Then I turned and pointed to the girls. I said I was happily surprised to see 8,000 of them in the university, doing PhDs in every science, interacting as in any university in India. I explained about my three girls who have taken the highest education in the world and followed their chosen professions. I said to them in the strongest Punjabi that “it is these girls who will lift Pakistan to the sky. What is more,” I lifted my finger and said, “they will drag you up there too.” The girls cheered loudly; men of every persuasion took my message of women’s equality and education with rapt attention.
When we returned to Lahore, we were invited to breakfast by the governor and his wife. The governor had spent decades in the UK building up a business, and now was back to contribute to the building of Pakistan. They were both full of enthusiasm for the progress of the country. The governor was keen on better relations between the two countries. The Gymkhana has an 18-hole golf course. Every time I sat on the verandah, golfing groups, all retired high civil and military, distinguished citizens, came up to me and wanted to talk of the need for more people-to-people contact and friendship as the only way to progress. Since I wear my passport on my head, it was easy for people to spot me and walk across to share thoughts.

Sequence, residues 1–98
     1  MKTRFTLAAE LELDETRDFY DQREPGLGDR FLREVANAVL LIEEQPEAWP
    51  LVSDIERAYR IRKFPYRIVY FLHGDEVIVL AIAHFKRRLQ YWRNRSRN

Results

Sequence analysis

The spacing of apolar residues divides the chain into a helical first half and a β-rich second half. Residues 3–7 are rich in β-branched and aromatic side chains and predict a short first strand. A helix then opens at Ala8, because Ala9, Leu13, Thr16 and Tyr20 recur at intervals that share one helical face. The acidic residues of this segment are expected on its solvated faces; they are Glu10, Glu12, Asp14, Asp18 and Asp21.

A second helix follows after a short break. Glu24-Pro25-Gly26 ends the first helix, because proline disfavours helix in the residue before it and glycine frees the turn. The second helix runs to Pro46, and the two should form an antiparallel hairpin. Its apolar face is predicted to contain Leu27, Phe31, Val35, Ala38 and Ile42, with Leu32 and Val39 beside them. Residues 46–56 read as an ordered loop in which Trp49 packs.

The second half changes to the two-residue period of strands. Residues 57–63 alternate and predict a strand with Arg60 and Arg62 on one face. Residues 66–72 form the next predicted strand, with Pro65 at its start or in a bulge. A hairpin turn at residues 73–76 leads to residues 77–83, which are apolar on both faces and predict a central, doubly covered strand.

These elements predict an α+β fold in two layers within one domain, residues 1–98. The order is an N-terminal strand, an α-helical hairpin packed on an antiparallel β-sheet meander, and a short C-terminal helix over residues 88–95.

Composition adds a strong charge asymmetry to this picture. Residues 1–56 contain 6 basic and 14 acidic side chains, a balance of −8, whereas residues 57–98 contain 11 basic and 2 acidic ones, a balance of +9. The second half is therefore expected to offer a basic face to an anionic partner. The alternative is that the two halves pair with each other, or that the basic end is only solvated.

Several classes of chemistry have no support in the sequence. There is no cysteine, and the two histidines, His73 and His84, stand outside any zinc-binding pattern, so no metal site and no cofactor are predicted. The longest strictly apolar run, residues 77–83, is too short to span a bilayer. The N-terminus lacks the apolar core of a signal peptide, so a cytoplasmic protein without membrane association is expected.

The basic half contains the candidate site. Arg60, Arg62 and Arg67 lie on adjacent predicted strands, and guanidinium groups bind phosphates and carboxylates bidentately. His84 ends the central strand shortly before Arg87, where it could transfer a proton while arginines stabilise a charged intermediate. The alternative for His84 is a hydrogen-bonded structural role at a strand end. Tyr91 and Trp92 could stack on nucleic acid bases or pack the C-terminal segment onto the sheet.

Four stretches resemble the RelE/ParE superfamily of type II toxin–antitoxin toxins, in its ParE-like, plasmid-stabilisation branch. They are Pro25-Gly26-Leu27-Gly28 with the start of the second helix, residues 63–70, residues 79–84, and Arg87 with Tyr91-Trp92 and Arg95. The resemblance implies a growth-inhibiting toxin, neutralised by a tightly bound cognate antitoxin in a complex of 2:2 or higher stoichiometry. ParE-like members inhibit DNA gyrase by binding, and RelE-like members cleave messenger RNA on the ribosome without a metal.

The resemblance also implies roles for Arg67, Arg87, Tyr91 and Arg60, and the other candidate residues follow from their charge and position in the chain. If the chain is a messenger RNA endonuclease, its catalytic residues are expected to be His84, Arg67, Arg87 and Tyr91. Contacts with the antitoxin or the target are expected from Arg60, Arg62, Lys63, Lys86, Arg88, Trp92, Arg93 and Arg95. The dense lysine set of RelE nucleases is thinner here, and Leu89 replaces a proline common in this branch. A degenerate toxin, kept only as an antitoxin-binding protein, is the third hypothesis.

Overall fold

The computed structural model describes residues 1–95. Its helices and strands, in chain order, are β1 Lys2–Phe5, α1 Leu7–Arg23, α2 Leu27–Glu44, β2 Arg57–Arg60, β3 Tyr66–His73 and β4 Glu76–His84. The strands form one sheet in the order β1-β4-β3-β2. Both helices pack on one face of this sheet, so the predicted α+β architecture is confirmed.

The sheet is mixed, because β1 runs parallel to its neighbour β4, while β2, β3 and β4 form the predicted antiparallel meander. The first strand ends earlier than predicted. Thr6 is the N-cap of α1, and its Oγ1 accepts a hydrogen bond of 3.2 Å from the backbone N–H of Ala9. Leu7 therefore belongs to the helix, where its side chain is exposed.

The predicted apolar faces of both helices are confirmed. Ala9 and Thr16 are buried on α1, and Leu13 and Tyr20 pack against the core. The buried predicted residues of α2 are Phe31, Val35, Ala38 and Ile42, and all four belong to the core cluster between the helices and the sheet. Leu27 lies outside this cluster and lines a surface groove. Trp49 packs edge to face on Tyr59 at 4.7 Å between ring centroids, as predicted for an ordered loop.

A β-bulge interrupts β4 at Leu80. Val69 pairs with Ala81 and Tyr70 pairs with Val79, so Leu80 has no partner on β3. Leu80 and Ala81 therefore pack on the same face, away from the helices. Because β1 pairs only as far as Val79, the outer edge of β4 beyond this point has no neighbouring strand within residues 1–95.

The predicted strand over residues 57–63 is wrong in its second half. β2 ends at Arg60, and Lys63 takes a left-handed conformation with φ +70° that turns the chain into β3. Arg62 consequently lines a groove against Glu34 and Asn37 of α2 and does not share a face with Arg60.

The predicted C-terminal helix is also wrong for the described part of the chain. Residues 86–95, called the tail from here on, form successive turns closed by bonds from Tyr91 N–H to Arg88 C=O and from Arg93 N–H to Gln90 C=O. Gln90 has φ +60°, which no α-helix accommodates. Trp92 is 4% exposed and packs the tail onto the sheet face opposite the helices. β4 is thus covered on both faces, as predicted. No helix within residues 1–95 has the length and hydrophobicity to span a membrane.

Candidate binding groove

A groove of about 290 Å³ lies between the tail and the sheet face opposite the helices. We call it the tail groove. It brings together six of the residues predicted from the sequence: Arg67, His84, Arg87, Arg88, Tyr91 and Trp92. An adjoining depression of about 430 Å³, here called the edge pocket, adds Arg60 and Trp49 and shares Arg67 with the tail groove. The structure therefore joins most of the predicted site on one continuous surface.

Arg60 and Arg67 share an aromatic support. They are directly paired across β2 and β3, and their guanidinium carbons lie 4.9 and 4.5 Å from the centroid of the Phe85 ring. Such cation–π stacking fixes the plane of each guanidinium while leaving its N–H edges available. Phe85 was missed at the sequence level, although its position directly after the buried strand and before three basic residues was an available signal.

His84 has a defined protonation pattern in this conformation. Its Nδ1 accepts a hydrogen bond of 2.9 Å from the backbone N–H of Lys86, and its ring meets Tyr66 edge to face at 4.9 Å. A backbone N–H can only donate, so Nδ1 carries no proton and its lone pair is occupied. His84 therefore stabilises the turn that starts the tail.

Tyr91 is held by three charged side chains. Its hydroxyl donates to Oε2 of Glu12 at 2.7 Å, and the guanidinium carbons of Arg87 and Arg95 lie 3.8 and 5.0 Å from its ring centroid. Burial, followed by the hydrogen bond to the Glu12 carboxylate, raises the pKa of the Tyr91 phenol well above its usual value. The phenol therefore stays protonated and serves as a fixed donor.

I was a small boy at Partition and I saw something of the horror around me. A cataclysmic event, 1947 will live with us on both sides of the border. It is also true that after the great killings, Punjabis on both sides have moved on. They believe in “mitti pao”, bury the past. We believe in moving into the future. Life is tomorrow, not yesterday. We know what Partition means to others. For them it is an academic thought, no more.
The Sikhs are the only people in the world denied free access to their “Mecca”, Guru Nanak’s shrines around Lahore. Tiny numbers of them are allowed by the home ministries of India and Pakistan to visit the shrines on a few occasions only. It is demeaning to be begging for permission. Even in Jerusalem, Jews, Christians and Muslims all go to their shrines in the city. I have spoken of this perpetual denial of their shrines to the Sikhs in Parliament and on Pakistani TV channels. I believe both countries need to do more to give at least this comfort to the Sikhs. We want peace, trade, people’s exchange and progress.
If this is done, the growth rate on both sides of the border will be better than China’s. Sadly, in the making of Indo-Pak policy, we seem to have little say. Others work out their passions, while we watch and wait. We are still paying the price of Partition.
The writer is a Congress MP from Punjab in the Rajya Sabha and
former Union minister